Yields on Russia’s ruble bonds rose for the first time in three days as producer-price growth slowed and a senior cabinet member urged interest-rate cuts.
The yield on Russia’s ruble notes due July 2022 rose two basis points to 6.740 percent. The yield on government ruble bonds maturing in February 2027 climbed three basis points to 7.010 percent. The ruble slid as much as 0.2 percent against the dollar before trading little changed at 30.2655 by 7 p.m. in Moscow.
The government is trying to persuade the central bank to cut borrowing costs for banks and companies as economic growth slows, First Deputy Prime Minister Igor Shuvalov said in a Jan. 18 interview. Russia’s producer price index fell 1.1 percent in December from a month earlier and rose 5.1 percent from the same period a year before, Statistics Service data showed today. Economists polled by Bloomberg forecast 6.8 percent growth.
“Broad weakness in PPI further highlights lack of any inflationary pressures and general weakness of any demand,” Vladimir Osakovskiy, chief economist at Bank of America Merrill Lynch in Moscow, said by e-mail today. “Signs of weak inflationary pressures will likely be marginally negative news for the ruble, as they continue to build a case for monetary easing by the central bank.”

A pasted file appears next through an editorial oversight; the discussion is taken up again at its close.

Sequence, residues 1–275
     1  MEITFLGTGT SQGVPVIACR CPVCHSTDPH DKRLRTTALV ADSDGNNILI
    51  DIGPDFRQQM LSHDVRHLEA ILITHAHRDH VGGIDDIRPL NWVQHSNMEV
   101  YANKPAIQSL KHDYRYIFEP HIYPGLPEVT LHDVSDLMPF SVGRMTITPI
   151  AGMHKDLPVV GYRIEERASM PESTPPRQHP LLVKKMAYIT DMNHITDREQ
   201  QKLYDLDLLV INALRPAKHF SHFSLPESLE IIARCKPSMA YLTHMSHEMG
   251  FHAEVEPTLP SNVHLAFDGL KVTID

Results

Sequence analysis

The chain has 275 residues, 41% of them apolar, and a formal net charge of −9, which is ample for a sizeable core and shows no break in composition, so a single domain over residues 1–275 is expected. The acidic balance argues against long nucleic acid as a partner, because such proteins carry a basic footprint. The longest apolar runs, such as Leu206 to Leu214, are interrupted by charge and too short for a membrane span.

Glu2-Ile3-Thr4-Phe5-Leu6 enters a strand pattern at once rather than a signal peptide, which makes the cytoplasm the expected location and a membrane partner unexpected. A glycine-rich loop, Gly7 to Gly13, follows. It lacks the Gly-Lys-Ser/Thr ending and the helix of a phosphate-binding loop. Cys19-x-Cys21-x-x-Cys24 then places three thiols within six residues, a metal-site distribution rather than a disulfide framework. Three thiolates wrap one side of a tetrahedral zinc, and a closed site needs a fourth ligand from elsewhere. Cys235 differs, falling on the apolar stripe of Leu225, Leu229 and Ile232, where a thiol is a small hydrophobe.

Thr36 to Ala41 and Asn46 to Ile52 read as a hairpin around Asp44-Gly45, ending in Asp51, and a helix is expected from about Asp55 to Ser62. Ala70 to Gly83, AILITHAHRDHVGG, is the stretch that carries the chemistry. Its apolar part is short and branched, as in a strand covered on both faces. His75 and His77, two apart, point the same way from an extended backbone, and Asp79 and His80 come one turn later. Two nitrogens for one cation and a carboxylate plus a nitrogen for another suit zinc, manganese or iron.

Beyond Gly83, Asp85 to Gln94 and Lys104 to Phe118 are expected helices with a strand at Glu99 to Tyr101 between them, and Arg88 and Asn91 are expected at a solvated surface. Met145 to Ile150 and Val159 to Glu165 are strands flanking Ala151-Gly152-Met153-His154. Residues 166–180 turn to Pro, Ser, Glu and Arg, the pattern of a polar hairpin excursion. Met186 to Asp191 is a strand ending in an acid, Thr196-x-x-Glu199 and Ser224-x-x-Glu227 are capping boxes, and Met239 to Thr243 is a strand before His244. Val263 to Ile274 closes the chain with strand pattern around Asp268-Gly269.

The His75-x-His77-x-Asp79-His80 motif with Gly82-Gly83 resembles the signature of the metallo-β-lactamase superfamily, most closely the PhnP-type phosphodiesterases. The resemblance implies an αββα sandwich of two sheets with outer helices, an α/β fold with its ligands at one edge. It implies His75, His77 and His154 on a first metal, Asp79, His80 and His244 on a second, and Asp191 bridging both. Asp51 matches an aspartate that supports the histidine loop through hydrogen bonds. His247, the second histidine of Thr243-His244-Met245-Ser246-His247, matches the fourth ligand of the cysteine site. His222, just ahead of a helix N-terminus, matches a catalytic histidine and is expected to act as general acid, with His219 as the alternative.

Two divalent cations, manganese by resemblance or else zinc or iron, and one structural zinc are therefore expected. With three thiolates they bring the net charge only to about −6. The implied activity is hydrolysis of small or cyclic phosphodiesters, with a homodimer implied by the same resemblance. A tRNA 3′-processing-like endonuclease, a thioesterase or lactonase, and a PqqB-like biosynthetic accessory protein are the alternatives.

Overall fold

Monetary-policy makers left borrowing costs unchanged this month after unexpectedly raising them in September. They removed a phrase from their statement that market rates were acceptable for the “nearest future,” which central bank First Deputy Chairman Alexei Ulyukayev said opens the door for increases or decreases as soon as next month.
“We’re trying to persuade them, always, that now they need to reduce the rate,” Shuvalov said in the interview. “And they say, not yet. We think they could.”
Russia’s real GDP growth slowed down to 2.9 percent in the third quarter from 4.0 percent in the previous quarter. Economists polled by Bloomberg forecast further growth slowdown to 2.7 percent in the fourth quarter.
Crude oil, Russia’s biggest export, fell by 0.4 percent to $95.19 a barrel in New York trading. The ruble climbed less than 0.1 percent to 40.3135 against the euro, leaving it steady at 34.7871 against the central bank’s target dollar-euro basket.
The extra yield investors demand to own Russia’s dollar bonds over U.S. Treasuries rose four basis points to 163, according to JPMorgan Chase & Co.’s EMBI Global Index.